The cells from each donor, harvested under low and high negative pressure within the corresponding areas in the abdomen or in the thigh, were cultured and then analysed. The isolated cells in passage 1 were seeded into 12-well tissue culture polystyrene plates (TPP, Switzerland; well diameter 2.1 cm) in a density of 14,000 cells/cm2 (i.e., 50,000 cells/well) and were cultivated in DMEM+10% (vol/vol) FBS+10 ng/mL FGF2 for 7 days. The volume of the cell culture medium was 3 mL/well. The cells were cultivated in a humidified air atmosphere with 5% CO2 at a temperature of 37°C. On days 1, 3, and 7, the cells were washed with PBS and were then detached by incubation with Trypsin-EDTA Solution (Sigma-Aldrich) for 4 minutes at 37°C. The effect of the Trypsin-EDTA solution was subsequently inhibited by adding a medium with FBS, and the cells were resuspended. The number, the viability, and the diameter of the detached cells in each well were measured using a Vi-CELL XR Cell Viability Analyzer (Beckman Coulter). In this analyser, the cell viability is evaluated by a trypan blue exclusion test. From 5 to 8 independent samples for each experimental group of a donor in each time interval were analysed. The cell population doubling time (DT) was calculated from the ADSC numbers, according to the following equation: , where represents the duration of culture, represents the number of cells on day 3, and represents the number of cells on day 1.

2.5. Cell Mitochondrial Activity

The activity of mitochondrial enzymes is generally measured in order to estimate the cell proliferation activity. The isolated cells in passage 1 were seeded into 24-well tissue culture polystyrene plates (TPP, Switzerland; well diameter 1.5 cm) in a density of 14,000 cells/cm2 (i.e., 25,000 cells/well) and were cultivated in DMEM+10% FBS+10 ng/mL FGF2 for 7 days. The volume of cell culture medium was 1.5 mL/well. On days 3 and 7, a CellTiter 96® Aqueous One Solution Cell Proliferation Assay (MTS; Promega Corporation) was performed according to the manufacturer’s protocol. In brief, the principle of the MTS assay is based on a colorimetric change of the yellow tetrazolium salt to brown formazan. This change is brought about by the activity of mitochondrial enzymes. The absorbance was measured at a wavelength of 490 nm, using a VersaMax ELISA microplate reader (Molecular Devices LLC). From 5 to 6 independent samples were measured for each experimental group in each time interval.

2.6. Flow Cytometry

In passage 2, the cells were characterised by flow cytometry, using antibodies against specific surface CD markers. An evaluation was made of the percentage of cells in the population that contained standard markers of ADSCs, i.e., CD105 (also referred to as endoglin, a membrane glycoprotein which is part of the TGF-β receptor complex), CD90 (Thy-1, a thymocyte antigen belonging to the immunoglobulin superfamily), and CD73 (ecto-5-nucleotidase, a glycosylphosphatidylinositol-anchored membrane protein). Other evaluated markers included CD29 (integrin β1, a component of receptors for collagen and fibronectin), CD146 (a melanoma cell adhesion molecule, a receptor for laminin), CD31 (also referred to as platelet-endothelial cell adhesion molecule-1, PECAM-1), and hematopoietic cell markers CD34 and CD45 [3]. In brief, the cells were washed with PBS and were incubated with Trypsin-EDTA for 4 minutes at 37°C. Subsequently, the medium with FBS was added and the cells were centrifuged (5 min, 300 g). The supernatant was aspired off, and the cells were resuspended in PBS with 0.5% (wt/vol) BSA (Sigma-Aldrich). The cells were equally divided into aliquots (i.e., 250,000 cells/aliquot). FITC-, Alexa488-, Alexa647-, or PE-conjugated monoclonal antibodies, i.e., against CD105, CD45 (Exbio Praha), CD90 (BD Biosciences), CD73, CD146, CD31 (BioLegend), CD29 and CD34 (Invitrogen), were added separately into aliquots. The aliquots were incubated with the antibodies for 30 minutes at 4°C in dark conditions. Next, the stained cells were washed three times with PBS with 0.5% (wt/vol) BSA and were analysed with the Accuri C6 Flow Cytometer System (BD Biosciences). In each aliquot, 20,000 events were recorded for each CD surface marker.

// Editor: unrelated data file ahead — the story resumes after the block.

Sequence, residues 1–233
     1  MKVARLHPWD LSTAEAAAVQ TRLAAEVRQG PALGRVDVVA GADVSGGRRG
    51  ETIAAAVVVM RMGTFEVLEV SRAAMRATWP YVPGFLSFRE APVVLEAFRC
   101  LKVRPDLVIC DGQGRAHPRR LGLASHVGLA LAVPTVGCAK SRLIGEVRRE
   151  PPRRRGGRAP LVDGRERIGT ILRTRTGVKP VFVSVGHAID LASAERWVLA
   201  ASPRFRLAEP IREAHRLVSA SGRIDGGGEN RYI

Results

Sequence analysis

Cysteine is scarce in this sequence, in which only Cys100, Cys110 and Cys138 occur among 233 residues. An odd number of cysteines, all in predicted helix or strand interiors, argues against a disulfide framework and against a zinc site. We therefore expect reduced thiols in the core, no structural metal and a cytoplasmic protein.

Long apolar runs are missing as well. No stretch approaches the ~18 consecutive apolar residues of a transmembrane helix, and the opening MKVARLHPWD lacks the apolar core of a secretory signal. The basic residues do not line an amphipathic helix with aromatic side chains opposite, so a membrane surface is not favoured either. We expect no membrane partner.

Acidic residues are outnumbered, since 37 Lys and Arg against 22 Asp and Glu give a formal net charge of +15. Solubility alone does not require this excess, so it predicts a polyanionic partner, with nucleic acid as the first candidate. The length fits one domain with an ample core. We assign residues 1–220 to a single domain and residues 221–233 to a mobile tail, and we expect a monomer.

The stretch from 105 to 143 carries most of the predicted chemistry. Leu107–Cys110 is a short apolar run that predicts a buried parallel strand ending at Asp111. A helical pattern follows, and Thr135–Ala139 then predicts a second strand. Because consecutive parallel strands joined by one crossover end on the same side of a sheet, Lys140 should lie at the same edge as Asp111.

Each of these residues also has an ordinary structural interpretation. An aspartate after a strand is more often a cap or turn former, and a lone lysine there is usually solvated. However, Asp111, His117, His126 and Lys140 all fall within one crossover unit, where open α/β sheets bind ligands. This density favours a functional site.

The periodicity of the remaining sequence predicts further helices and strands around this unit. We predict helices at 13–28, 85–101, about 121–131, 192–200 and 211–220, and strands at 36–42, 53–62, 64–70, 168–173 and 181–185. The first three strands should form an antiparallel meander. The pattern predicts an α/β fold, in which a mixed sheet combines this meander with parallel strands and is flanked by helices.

2.7. Microscopy Techniques

Phase-contrast microscopy was used to visualise the process of attachment, spreading, and growth in native ADSCs after isolation (passage 0). The immunofluorescence staining of CD surface markers was performed on native adhering ADSCs (passage 2) using PE-CD90 (BD Science) and Alexa488-CD29 (Invitrogen) antibodies. Cell nuclei in native cells were counterstained with Hoechst 33342 (Sigma-Aldrich) for 30 minutes at room temperature in the dark. Olympus microscope IX71 (objective magnification 10x or 20x) was used to take representative images.

2.8. Statistical Analysis